Pat Benatar, Jerry McGuire and several personal development authors weigh in on this Thursday’s quitting topic. 

Ever see the movie “Jerry McGuire”? Let’s hope this doesn’t morph into the sort of mission statement/credo that he unfortunately writes when he’s exhausted and ultimately ends up costing him his job. Not that I think I’ll get fired from my own blog but who wants to hear a mission statement, right? I’ve always thought they were sort of b.s. but here goes anyway.

This week’s quitting has a lot to do with what Tom Cruise’s character did in that movie, I can’t lie about that. It has a lot to do with on the one hand screaming “Treat me right” ala Pat Benatar and philosophically asking whose life is it anyway on the other. If you throw in some good ‘ol Nebraska sense of responsibility and Irish guilt then you’ve got an idea of the mine field I’ll try and navigate when I try to quit allowing other people to direct what I do. The dilemma also comes back a bit to people pleasing; that sense of “if I can help, I should” and truly wanting to be a good person (who’d a thunk that could be a liability, huh?). It’s the question of “Where do you draw the line?” that I think a lot of us struggle with every day.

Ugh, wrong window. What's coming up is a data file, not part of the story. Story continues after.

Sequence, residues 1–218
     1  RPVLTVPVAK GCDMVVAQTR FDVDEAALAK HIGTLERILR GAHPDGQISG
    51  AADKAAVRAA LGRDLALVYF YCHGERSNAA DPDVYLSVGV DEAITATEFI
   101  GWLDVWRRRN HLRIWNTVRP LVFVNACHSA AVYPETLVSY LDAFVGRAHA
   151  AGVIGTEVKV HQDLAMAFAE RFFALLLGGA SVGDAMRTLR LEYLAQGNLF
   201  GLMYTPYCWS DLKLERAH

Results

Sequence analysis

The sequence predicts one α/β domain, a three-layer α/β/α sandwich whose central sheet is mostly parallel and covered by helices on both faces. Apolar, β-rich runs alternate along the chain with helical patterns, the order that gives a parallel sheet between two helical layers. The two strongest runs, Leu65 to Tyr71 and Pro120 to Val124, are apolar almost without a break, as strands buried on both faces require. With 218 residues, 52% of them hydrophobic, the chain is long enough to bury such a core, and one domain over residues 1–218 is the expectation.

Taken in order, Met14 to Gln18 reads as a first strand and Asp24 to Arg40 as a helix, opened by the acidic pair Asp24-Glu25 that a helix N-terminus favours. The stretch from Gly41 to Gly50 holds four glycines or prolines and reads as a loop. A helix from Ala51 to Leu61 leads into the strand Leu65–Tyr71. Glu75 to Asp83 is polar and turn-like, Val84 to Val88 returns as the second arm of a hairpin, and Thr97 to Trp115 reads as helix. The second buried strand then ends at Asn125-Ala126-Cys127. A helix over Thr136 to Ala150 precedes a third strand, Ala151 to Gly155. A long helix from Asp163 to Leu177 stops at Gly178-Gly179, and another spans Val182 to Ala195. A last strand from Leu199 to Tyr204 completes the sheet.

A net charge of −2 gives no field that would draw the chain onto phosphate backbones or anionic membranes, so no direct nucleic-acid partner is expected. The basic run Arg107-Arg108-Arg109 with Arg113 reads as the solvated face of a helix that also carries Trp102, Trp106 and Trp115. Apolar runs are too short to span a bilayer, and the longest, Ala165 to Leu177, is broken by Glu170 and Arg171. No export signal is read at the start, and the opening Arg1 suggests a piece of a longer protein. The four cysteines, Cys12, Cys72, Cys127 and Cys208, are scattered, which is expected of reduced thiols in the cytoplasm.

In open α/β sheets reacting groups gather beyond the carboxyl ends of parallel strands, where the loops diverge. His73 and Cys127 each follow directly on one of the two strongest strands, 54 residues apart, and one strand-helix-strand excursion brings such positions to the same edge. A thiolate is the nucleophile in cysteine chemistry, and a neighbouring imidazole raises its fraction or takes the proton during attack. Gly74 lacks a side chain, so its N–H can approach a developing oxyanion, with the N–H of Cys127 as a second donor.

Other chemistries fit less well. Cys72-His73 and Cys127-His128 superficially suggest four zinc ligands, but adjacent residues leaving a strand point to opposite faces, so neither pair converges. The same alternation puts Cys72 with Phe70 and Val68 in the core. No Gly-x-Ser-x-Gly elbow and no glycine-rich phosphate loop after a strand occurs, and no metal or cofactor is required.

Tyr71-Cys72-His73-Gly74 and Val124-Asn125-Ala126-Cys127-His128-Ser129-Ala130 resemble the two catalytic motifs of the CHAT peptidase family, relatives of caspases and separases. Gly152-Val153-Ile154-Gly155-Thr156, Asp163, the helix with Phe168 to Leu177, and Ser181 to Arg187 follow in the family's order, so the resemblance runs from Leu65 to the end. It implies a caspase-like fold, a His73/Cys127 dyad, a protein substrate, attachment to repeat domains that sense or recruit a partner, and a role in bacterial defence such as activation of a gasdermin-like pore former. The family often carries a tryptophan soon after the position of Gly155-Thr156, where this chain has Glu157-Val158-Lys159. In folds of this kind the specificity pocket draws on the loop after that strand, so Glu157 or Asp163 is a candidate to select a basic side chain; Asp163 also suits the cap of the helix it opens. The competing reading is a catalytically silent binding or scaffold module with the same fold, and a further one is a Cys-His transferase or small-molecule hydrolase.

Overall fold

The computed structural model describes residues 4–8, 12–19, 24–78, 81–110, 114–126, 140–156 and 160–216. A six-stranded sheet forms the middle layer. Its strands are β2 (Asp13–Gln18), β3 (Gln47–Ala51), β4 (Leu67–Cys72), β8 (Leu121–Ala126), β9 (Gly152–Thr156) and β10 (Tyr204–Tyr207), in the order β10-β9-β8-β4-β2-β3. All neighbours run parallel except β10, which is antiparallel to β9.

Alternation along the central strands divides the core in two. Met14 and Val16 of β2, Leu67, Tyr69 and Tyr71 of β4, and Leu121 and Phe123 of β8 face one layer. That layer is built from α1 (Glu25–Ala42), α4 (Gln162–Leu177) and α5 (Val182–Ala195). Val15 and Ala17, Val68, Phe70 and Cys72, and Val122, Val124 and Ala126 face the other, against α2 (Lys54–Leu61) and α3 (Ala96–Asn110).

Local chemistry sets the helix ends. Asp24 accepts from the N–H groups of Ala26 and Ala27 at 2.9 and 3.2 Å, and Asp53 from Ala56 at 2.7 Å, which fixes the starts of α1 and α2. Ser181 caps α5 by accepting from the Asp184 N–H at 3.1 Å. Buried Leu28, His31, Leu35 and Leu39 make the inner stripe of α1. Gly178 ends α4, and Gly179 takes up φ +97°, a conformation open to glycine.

Case in point, my day job: What do you do and what do you delegate? In the beginning as a manager I wanted to show those I led that I didn’t think I was above doing the work. I wanted to show them that we were in this together. So I did everything that they did. Then, I got told that I shouldn’t do those things by my boss. His logic was sound business. “I’m not paying you what I’m paying you, to do work that we pay someone half of what you are paid, to do” (Or something along those lines) That made sense to me so I stopped doing some things; but not all of them, or at least not all of the time, which is inconsistent (I know). And inconsistency is bad. So… hello balancing act right?